A couple of examples. "University Challenge" on British TV (not sure whether they still run it, but it was around as early as the mid-1960s. Starter questions were worth 10 points. Answering a starter correctly gave contestants the chance to answer further questions, with a possible reward of 25. I don't ever recall seeing a score which wasn't a multiple of five. Why didn't they score starters as two, with further answers scoring 0, 1, 2, 3, 4 or 5? The effect would have been the same.

    Another: ABCTV (Australia) currently screens "Hard Quiz". Five points per correct answer, minus five for an incorrect answer, ten points if you "steal" an answer on another contestant's special subject. I've never seen a score which wasn't a multiple of five. Why not 1 for correct, 2 for a steal? Same effect.

  6. Y said,

    October 14, 2017 @ 8:10 pm

    Or possibly "four" is anomalously low, while "six things" is avoided for the difficult consonant cluster.

    Ghits for "n surprising things":
    two: 31,900
    three: 93,900
    four: 3,360
    five: 87,700
    six: 68,900
    seven: 6,050
    eight: 2,450

  7. Christian Weisgerber said,

    October 14, 2017 @ 8:48 pm

    Ah, the naive quoting of Google's initial estimate of hits… which is utterly unreliable and frequently an overestimate by orders of magnitude. Clicking through to the final page of hits produces these figures for "n surprising things":

    two: 190
    three: 173
    four: 110
    five: 313
    six: 156
    seven: 129
    eight: 91

  8. Mark S said,

    October 14, 2017 @ 9:22 pm

    'The Onion' routinely parodies the "Five Things" meme, e.g.

    [(myl) I should have known that if it was a real thing, the Onion would have it as a regular feature.]

  9. Weltanschauung said,

    October 14, 2017 @ 10:38 pm

    From the biblical book of Proverbs, Chapter 30:

    There are three things that are never satisfied, yea, four things say not, It is enough:

    The grave; and the barren womb; the earth that is not filled with water; and the fire that saith not, It is enough.

    There be three things which are too wonderful for me, yea, four which I know not:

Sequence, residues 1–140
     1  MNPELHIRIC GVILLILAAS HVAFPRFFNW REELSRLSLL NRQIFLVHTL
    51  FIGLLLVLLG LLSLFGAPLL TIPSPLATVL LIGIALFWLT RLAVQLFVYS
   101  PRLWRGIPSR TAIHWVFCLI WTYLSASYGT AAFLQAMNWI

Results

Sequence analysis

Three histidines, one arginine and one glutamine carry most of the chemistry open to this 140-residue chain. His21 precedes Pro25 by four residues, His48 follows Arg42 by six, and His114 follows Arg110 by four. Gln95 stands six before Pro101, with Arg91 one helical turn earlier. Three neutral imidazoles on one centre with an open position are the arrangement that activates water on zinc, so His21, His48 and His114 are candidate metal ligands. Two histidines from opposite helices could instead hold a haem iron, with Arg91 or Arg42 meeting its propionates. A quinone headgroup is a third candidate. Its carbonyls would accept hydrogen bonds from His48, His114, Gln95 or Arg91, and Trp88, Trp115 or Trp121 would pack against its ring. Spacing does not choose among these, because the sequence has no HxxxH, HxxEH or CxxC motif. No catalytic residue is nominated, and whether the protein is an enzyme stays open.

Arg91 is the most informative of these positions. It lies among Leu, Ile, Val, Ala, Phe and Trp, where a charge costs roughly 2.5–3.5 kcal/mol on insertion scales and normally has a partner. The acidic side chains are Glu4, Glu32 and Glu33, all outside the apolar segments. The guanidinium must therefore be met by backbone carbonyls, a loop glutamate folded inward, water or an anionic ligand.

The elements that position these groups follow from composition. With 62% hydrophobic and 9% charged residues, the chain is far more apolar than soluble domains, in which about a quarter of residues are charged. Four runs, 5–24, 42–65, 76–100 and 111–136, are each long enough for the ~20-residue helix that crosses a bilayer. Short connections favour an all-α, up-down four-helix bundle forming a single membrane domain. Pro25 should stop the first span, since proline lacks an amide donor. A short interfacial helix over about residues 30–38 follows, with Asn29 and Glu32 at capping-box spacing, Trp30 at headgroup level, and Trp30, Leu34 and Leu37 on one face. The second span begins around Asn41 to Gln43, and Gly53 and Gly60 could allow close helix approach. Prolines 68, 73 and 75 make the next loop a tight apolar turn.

The way of an eagle in the air; the way of a serpent upon a rock; the way of a ship in the midst of the sea; and the way of a man with a maid.

  10. D.O. said,

    October 14, 2017 @ 11:06 pm

    "N things" is an obvious clickbait. I have to yet find a reason why reading "Five (or six, or ten, or two, or seven) things to watch in today's most funny kitten videos" is any better than "What to watch in today's etc." Among places I visit, annoys me the most with it's materials entitled "Why everyone who disagrees with us is a contemptible idiot in 29 charts"

  11. Stephen said,

    October 15, 2017 @ 7:52 am

    @Arthur Baker

    University Challenge is still on air (it stopped in 1987 but restarted in 1994) and it still has the format of 10 points for a starter and 3 times 5 points for the bonus.

  12. bks said,

    October 15, 2017 @ 8:50 am

    Five things fit on one screen. Ten require scrolling.

  13. Scott said,

    October 15, 2017 @ 10:36 am

    Odd numbers are a tradition in marketing/sales since they stay with people (strange but proven – look at the number of prices that end with .95, .97 or .99), so it would be "One weird fact" (counting one as odd, which gets contentious)"Three facts" or "Five things you have to know". I think @BKS has it in that five will likely fit on a page and scale well to mobile readers.

  14. Theophylact said,

    October 15, 2017 @ 11:31 am

    The Washington Post also has a regular feature in its Sunday "Outlook" section: "Five Myths". (This week it's Hollywood.)

  15. SlideSF said,

    October 15, 2017 @ 11:46 am

    You didn't sample 10, which I suspect you would see a lot of, based on my personal observations. Ten is a nice round number, as Arthur Baker has suggested. Perhaps in instances where the authors cannot come up with 10 items, they round down to five so as not to have an "awkward" number.


               five    nine    ten   eleven
    Bing News  17.4M   0.9M   3.99M  0.018M
    The Hill   967      2      8      0
    Politico   453     13     27      3

    Looks like 10 is more common than 9 or eleven, but way fewer than five…]

  16. Lazar said,

    October 15, 2017 @ 12:28 pm